Hank Pruden’s theory of "Behavioral Finance" proposes that human flaws are consistent, measurable and predictable, and being aware of and utilizing this phenomenon can benefit a trader.
"For the better part of 30 years, the discipline of finance has been under the thrall of the random walkcum efficient market hypothesis. Yet enough anomalies piled up in recent years to crack the dominance of the random walk. As a consequence, the popular press has been reporting the market behavior," said Pruden. One of these new methods discussed is "behavioral finance."
Pruden is a professor in the School of Business at Golden Gate University in San Francisco. He was a featured speaker at the 20th annual Telerate Seminars Technical Analysis Group Conference (TAG 20).
Behavioral finance is "the use of psychology, sociology and other behavioral theories to explain and predict financial markets. Behavioral finance describes the behavior of investors and money managers and their interaction in companies and securities markets. It recognizes the roles of varying attitudes toward risk-framing of information, cognitive errors, lack of self-control, regret in financial decision-making and the influence of mass or herd psychology," said Pruden.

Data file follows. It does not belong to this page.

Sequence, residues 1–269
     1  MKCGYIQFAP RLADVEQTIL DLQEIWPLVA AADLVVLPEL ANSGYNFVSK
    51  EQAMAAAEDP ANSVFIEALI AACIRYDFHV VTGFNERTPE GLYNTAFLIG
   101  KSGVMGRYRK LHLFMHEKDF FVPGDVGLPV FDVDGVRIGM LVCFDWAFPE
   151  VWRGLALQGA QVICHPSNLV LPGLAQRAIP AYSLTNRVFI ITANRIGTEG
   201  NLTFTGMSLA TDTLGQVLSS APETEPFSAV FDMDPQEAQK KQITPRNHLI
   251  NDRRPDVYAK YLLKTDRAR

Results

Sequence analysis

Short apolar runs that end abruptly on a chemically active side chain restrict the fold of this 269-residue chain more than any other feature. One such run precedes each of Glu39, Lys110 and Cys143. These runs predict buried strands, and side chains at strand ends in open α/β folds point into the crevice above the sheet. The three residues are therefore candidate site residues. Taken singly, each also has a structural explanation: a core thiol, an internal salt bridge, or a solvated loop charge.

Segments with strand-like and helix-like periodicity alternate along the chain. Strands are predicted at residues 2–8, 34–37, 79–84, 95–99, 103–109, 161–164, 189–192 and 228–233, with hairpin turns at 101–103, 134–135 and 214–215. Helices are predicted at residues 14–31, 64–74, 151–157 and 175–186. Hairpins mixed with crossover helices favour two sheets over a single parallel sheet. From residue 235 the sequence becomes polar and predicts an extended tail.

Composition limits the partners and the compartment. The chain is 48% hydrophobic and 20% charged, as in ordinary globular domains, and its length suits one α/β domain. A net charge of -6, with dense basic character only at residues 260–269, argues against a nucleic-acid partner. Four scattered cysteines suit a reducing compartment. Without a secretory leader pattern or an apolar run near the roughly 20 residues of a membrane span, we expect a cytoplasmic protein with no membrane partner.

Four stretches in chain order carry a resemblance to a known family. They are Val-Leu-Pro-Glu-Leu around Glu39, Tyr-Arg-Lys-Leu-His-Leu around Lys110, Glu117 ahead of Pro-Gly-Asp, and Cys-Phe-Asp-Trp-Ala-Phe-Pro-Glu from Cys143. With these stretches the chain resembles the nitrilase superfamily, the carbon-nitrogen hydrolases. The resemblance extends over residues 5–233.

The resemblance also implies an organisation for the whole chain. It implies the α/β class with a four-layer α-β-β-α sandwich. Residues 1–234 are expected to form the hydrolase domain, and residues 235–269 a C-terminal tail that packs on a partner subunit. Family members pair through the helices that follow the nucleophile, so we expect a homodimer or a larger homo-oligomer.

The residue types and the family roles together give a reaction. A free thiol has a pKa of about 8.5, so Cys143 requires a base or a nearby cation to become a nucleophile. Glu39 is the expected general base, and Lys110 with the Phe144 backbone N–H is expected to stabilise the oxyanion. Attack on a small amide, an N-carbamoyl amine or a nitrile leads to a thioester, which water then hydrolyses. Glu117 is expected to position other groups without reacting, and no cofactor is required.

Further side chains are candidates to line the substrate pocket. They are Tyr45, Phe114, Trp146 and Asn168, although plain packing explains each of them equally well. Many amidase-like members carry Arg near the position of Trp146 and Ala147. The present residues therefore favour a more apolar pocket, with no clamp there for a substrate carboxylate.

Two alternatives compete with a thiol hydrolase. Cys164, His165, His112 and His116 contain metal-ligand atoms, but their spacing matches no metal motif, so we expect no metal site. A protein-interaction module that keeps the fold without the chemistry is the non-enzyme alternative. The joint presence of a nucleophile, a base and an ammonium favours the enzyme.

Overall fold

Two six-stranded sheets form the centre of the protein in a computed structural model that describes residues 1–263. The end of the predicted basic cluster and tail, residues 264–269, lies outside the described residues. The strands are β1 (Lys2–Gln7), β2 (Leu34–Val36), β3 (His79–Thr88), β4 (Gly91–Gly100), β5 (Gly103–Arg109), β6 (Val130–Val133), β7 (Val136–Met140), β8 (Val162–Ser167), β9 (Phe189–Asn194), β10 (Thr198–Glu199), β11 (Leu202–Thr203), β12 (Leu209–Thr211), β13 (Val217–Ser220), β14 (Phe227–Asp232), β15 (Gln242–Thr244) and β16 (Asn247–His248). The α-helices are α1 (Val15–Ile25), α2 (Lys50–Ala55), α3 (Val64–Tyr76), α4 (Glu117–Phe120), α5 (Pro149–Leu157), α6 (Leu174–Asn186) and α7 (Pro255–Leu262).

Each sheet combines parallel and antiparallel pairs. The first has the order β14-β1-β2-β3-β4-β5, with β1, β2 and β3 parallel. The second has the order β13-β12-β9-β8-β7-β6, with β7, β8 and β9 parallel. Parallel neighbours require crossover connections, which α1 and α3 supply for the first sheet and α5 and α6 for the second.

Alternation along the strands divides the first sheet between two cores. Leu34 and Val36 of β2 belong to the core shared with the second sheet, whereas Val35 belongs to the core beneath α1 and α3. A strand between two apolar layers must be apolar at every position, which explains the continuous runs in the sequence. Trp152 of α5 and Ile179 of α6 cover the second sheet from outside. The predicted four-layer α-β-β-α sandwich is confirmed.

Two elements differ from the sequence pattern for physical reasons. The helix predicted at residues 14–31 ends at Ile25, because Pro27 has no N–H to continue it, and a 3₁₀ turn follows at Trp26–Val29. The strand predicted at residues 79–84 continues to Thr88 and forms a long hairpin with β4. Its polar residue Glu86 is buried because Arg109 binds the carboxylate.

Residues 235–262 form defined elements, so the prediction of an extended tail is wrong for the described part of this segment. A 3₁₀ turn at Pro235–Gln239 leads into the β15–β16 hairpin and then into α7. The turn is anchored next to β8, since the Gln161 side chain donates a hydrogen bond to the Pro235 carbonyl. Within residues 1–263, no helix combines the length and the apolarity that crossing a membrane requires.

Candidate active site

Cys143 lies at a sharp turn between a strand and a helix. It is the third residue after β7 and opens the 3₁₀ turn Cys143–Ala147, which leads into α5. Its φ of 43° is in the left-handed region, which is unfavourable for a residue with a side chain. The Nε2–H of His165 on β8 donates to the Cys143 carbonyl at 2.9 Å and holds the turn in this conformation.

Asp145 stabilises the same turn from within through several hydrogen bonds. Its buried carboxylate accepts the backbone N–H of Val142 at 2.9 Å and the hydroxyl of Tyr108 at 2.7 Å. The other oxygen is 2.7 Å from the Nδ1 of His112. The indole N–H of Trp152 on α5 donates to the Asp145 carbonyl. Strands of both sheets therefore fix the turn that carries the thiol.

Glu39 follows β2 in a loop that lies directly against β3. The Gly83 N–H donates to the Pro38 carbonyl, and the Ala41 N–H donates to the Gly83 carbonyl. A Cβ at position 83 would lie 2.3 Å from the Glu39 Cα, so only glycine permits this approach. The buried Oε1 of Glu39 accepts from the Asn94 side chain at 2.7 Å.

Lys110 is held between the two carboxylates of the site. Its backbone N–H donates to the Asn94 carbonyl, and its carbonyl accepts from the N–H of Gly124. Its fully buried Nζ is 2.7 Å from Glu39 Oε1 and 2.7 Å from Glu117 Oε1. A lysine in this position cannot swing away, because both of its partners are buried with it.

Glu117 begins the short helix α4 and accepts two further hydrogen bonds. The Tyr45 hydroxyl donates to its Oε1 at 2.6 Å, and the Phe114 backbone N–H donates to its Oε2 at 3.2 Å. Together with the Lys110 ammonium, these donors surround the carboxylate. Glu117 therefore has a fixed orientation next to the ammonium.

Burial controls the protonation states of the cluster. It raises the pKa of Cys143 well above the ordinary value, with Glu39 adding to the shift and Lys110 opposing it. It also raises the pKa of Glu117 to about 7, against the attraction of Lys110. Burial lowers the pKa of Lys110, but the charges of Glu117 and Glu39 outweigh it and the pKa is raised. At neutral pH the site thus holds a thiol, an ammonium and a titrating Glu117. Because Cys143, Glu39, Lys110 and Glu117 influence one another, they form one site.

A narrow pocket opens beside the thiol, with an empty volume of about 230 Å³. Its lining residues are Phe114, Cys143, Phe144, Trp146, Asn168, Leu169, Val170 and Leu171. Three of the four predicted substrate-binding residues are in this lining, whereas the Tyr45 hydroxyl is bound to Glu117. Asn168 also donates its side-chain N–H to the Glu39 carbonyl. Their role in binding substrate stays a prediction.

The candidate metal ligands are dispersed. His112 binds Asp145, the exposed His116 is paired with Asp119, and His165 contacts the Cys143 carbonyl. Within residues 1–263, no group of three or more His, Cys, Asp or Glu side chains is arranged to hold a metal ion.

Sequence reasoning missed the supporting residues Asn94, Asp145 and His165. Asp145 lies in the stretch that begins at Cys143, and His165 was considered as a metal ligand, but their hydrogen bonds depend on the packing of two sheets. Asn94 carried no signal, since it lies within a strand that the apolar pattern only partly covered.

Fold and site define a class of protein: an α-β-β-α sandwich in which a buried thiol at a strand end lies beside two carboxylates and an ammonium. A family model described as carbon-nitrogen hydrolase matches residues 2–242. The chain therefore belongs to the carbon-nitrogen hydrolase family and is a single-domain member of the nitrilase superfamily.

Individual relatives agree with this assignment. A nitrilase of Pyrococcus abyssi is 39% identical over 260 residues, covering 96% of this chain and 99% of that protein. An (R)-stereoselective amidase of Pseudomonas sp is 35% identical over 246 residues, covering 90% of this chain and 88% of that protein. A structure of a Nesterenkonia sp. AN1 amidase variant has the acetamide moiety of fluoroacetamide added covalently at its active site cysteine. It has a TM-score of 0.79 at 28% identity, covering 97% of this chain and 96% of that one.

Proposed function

Predictable human behavior can and does impact markets, said Pruden. One example is the "crowd psychology" or "bandwagon" theory. For example, if a market is coming up from a basing area on the charts, "smart money" is responsible for the majority of the initial buying. "As people jump on board, we see the bandwagon effect, and that bandwagon pushes prices up. Volume tends to surge at its peak, certainly on the buy side, during the mark-up phase in the middle. Later on, toward the end of the trend, smart money is not doing the buying; somebody else is. The smart money is doing the selling. The market tops by curving over, or sometimes with a spike top. So, we can see express that in price and we can see under it in volume," said Pruden.
Regarding the type of trading approach to the bandwagon effect, Pruden said, "We align our indicators to show a distribution pattern or a breaking of trendlines, and we should see a post-volume peak. Volume will typically peak before a big change in sentiment."
Pruden said he puts time, price and sentiment together to come up with a composite to look at all those parameters at once. This composite would help in any trading decision, he said.
In the four major elements of technical analysis - price, volume, time and sentiment - recognizing and factoring in human behavior is certainly a major portion of the sentiment element, said Pruden.
At Golden Gate University, Pruden developed and teaches accredited courses in technical market analysis.
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